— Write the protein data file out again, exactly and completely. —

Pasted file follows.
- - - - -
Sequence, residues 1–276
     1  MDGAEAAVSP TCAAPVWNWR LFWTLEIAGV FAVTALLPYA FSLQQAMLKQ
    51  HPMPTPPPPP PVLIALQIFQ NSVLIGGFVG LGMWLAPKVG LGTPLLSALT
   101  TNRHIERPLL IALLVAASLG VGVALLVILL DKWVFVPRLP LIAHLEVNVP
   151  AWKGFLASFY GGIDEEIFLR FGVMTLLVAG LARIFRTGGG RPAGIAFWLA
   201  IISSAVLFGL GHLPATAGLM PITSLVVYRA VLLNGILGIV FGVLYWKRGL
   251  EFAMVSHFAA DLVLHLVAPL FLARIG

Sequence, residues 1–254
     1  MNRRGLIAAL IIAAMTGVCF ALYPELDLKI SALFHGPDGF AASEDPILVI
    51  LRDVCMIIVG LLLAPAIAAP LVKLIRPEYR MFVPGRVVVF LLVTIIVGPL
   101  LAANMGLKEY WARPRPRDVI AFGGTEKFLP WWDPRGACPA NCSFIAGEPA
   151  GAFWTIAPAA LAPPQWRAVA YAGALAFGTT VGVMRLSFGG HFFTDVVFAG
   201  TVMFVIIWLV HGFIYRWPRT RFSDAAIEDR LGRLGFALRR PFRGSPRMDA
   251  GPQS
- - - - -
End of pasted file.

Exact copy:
Sequence, residues 1–276
     1  MDGAEAAVSP TCAAPVWNWR LFWTLEIAGV FAVTALLPYA FSLQQAMLKQ
    51  HPMPTPPPPP PVLIALQIFQ NSVLIGGFVG LGMWLAPKVG LGTPLLSALT
   101  TNRHIERPLL IALLVAASLG VGVALLVILL DKWVFVPRLP LIAHLEVNVP
   151  AWKGFLASFY GGIDEEIFLR FGVMTLLVAG LARIFRTGGG RPAGIAFWLA
   201  IISSAVLFGL GHLPATAGLM PITSLVVYRA VLLNGILGIV FGVLYWKRGL
   251  EFAMVSHFAA DLVLHLVAPL FLARIG

Sequence, residues 1–254
     1  MNRRGLIAAL IIAAMTGVCF ALYPELDLKI SALFHGPDGF AASEDPILVI
    51  LRDVCMIIVG LLLAPAIAAP LVKLIRPEYR MFVPGRVVVF LLVTIIVGPL
   101  LAANMGLKEY WARPRPRDVI AFGGTEKFLP WWDPRGACPA NCSFIAGEPA
   151  GAFWTIAPAA LAPPQWRAVA YAGALAFGTT VGVMRLSFGG HFFTDVVFAG
   201  TVMFVIIWLV HGFIYRWPRT RFSDAAIEDR LGRLGFALRR PFRGSPRMDA
   251  GPQS